SAN DIEGO — Nancy Hoover Hunter, the former mayor of Del Mar who ultimately admitted criminal involvement in the $80-million J. David & Co. investment fraud, testified Friday as a government witness and confessed that she lied on the stand when she was on trial two years ago.
Hunter, 52, who essentially served as second-in-command at the now-defunct La Jolla investment firm, said she was admitting her lies because she hoped to win a reduction of her 10-year prison term. Hunter is about 17 months into that term, and court records indicate she has on file a sealed request for a reduction of that sentence.
Hunter gave examples Friday of her lies. She had insisted two years ago, for instance, that she had not burned canceled J. David checks when the company collapsed in February, 1984. But she said Friday that she had burned them, and other documents, in the fireplace at her Rancho Santa Fe home.
Hunter took the stand in federal court in San Diego against Edward J. (Ted) Pulaski Jr., J. David's leading salesman. She devoted the bulk of her testimony to the four-year rise and fall of the firm. She is expected to testify more directly about Pulaski next week, lawyers in the case said.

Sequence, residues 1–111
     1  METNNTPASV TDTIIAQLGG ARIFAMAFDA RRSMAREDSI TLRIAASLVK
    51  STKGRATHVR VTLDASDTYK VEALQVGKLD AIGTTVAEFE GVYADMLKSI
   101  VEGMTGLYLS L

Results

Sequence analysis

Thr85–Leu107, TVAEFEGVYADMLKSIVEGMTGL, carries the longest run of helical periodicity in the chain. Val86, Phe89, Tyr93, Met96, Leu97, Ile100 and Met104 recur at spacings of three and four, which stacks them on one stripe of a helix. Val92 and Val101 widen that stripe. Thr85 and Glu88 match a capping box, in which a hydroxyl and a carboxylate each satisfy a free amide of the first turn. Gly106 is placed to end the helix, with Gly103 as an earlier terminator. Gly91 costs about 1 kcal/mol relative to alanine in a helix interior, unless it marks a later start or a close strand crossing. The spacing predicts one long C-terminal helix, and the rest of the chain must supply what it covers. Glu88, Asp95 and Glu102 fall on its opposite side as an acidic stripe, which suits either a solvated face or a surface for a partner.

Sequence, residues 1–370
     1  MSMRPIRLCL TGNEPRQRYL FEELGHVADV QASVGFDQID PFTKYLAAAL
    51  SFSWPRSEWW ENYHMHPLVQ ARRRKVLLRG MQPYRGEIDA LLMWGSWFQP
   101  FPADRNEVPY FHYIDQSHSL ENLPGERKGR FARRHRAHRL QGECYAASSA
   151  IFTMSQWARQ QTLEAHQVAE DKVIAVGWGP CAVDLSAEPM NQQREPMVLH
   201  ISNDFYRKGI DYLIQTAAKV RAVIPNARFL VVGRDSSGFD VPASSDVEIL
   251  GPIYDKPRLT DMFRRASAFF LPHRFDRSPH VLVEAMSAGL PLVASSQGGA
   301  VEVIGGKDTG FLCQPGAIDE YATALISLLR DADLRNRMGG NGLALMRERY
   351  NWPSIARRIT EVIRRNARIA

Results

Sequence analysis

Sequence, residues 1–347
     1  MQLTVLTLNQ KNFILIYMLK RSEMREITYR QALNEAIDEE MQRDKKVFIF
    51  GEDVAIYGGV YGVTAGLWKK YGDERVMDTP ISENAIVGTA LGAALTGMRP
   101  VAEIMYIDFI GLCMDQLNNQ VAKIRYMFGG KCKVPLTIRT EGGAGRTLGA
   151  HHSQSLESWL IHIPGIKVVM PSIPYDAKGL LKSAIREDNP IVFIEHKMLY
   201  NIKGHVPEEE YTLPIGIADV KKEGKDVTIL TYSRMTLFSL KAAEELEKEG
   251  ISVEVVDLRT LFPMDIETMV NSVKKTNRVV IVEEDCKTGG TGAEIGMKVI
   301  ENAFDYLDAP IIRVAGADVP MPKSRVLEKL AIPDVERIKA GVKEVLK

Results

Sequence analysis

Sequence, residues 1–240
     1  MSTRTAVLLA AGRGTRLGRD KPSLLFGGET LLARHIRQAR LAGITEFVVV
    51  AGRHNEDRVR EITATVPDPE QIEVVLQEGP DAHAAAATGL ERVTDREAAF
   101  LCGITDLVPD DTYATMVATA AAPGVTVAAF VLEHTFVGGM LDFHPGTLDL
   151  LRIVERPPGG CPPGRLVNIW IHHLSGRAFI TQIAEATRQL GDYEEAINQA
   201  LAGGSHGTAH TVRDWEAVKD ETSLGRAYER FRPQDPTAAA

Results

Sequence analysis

Pulaski, 50, who now works as a consultant, is charged with seven felony counts, one of conspiracy and six of selling unregistered securities. If convicted on all charges, he could draw 35 years in prison and a $70,000 fine, said Assistant U.S. Atty. Edward Allard, the prosecutor in the case.
His trial signals the approaching end of the J. David saga. After years of court battles, criminal cases remain only against Pulaski and Mark Yarry, a former executive with one of J. David's subsidiaries, whose case is awaiting trial separately. The other J. David principals have all had their day in court.
The complicated J. David fraud bilked about 1,500 investors of $80 million from 1979 to 1984. It involved a Ponzi scheme, in which money from new investors was used to pay off old investors, and little actual commodity trading was done.
Prosecutors alleged that Hunter played a key role in the scheme, creating false documents to lure investors to J. David and then persuading them to remain as the firm slid toward bankruptcy.
Hunter's former lover, firm founder J. David (Jerry) Dominelli, pleaded guilty in 1985 to fraud and tax evasion in connection with the scheme and is serving a 20-year sentence in federal prison.
Hunter, charged with 197 felonies, was on trial for eight months in 1989. A jury convicted her in December, 1989, of four tax charges. It deadlocked, 11 to 1 for conviction, on 192 other counts, primarily fraud and conspiracy stemming from her role at J. David.
Hunter's trial is believed to be the longest-running criminal case in the history of the San Diego federal court.